It produced a firestorm of critics who noted that Cullors has long insisted that she and her BLM co-founder “are trained Marxists. We are super versed on, sort of, ideological theories.” Critics like Nick Arama of RedState pointed out: “[I]t’s interesting to note that the demographics of the area are only about 1.4% black people there. So not exactly living up to her creed there.” [..] The controversy is illustrative of the age of Internet censors. Tweets, and in some cases Twitter accounts, vanish without explanation. Twitter is notorious for not responding to media inquiries over such censorship and even less forthcoming on the decisionmaking process behind such decisions. [..] The New York Post and other publications have reported that Cullors is eyeing expensive properties in other locations, including the Bahamas.

However, it is not clear if this money came from BLM which has reportedly raised almost $100 million in donations from corporations and other sources. Indeed, Cullors seems to have ample sources of funds. She is married to Janaya Khan, a leader of BLM in Toronto, and published a best selling memoir of her life and then a follow up book. She also signed a lucrative deal with Warner Bros to develop and produce original programming across all platforms, including broadcast, cable and streaming. She has also been featured in various magazines like her recent collaboration with Jane Fonda. [..] Indeed, the greatest irony may not be the home purchase by the corporate support. A professed Marxist, Cullors has not only been paid handsomely by corporations like Warner but is being actively protected by corporations like Twitter. When it comes to free speech, I support them both. The question is whether both have an equal opportunity to speak on platforms like Twitter.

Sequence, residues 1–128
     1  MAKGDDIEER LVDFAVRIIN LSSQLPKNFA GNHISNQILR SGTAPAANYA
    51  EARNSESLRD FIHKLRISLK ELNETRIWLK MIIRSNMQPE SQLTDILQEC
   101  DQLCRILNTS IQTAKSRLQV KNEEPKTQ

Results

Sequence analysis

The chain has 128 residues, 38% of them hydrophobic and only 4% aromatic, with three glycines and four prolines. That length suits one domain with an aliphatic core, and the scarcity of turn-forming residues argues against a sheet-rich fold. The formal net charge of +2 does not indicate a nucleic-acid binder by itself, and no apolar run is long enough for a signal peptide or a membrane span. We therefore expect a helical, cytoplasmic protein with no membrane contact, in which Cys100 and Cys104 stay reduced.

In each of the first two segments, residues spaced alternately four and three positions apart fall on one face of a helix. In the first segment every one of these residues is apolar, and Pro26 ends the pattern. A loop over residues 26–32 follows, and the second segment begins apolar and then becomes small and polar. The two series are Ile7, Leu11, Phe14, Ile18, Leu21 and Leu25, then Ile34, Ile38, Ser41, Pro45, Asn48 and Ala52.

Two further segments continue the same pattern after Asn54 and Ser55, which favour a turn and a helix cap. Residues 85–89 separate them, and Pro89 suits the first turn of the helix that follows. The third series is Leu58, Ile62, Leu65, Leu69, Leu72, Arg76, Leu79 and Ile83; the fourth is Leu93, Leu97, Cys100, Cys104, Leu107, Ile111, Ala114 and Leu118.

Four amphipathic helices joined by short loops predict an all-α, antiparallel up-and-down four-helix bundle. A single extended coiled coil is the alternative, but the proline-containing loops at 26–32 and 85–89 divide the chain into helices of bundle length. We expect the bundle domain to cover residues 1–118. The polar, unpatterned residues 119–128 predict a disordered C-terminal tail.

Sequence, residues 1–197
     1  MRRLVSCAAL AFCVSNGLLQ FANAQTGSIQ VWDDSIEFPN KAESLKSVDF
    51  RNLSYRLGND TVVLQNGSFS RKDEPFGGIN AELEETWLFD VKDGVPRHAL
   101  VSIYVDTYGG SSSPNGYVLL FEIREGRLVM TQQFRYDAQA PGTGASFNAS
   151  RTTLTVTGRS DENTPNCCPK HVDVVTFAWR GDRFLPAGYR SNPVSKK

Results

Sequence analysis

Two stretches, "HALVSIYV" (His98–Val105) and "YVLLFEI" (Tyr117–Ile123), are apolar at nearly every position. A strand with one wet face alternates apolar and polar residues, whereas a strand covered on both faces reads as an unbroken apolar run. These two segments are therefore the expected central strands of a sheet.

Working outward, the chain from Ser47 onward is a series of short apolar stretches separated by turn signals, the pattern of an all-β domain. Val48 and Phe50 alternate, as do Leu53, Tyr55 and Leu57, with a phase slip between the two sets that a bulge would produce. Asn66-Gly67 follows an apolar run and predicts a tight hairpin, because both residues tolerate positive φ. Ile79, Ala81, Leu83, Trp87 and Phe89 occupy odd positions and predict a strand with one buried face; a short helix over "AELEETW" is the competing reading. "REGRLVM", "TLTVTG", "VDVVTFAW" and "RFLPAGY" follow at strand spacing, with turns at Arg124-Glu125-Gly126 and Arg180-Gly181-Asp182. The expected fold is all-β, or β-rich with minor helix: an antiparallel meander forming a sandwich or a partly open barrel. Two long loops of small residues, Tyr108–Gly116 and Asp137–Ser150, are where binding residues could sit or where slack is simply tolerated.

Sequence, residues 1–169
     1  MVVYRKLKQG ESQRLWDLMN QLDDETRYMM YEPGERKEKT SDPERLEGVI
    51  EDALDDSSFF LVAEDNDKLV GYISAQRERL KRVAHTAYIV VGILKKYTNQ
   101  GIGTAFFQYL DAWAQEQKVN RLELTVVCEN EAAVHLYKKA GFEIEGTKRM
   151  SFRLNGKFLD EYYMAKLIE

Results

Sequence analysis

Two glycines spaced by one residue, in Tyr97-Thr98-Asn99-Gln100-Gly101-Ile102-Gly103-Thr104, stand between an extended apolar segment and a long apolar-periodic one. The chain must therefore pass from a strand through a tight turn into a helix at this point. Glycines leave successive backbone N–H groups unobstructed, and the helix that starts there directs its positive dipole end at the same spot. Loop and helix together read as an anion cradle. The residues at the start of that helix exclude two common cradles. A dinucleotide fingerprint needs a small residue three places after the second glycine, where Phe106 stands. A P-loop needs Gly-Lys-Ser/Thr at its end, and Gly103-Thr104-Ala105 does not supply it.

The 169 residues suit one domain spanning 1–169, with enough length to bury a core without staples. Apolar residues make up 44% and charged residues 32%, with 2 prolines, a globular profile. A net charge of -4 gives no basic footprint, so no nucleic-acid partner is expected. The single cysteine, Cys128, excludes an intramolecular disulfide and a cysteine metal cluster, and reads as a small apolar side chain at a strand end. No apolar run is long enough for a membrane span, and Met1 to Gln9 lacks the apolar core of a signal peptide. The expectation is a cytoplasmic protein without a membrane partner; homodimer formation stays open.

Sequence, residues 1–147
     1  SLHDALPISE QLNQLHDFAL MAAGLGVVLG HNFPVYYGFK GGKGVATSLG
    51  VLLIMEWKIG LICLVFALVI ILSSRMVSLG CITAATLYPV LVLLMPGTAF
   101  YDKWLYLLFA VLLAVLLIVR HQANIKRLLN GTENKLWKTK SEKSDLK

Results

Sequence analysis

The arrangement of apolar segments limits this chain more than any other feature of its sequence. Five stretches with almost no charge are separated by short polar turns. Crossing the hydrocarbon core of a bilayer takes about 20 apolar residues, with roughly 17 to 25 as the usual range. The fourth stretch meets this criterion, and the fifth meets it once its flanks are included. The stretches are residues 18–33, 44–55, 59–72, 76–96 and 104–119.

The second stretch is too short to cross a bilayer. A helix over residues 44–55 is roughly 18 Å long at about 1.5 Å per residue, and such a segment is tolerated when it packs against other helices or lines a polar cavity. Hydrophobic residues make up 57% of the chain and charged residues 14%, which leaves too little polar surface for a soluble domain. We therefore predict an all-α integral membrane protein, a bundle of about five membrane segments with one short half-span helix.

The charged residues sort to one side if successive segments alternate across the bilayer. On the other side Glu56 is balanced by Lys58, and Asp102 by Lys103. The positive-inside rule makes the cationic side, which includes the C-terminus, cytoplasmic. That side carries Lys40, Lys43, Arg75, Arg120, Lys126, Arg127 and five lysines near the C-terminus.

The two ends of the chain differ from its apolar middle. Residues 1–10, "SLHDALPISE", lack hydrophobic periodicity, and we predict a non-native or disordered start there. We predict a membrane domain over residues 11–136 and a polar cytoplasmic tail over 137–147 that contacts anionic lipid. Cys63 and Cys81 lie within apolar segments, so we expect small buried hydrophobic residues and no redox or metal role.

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Innocent until…

Due Process, Adult Sexual Morality and the Case of Rep. Matt Gaetz (Greenwald)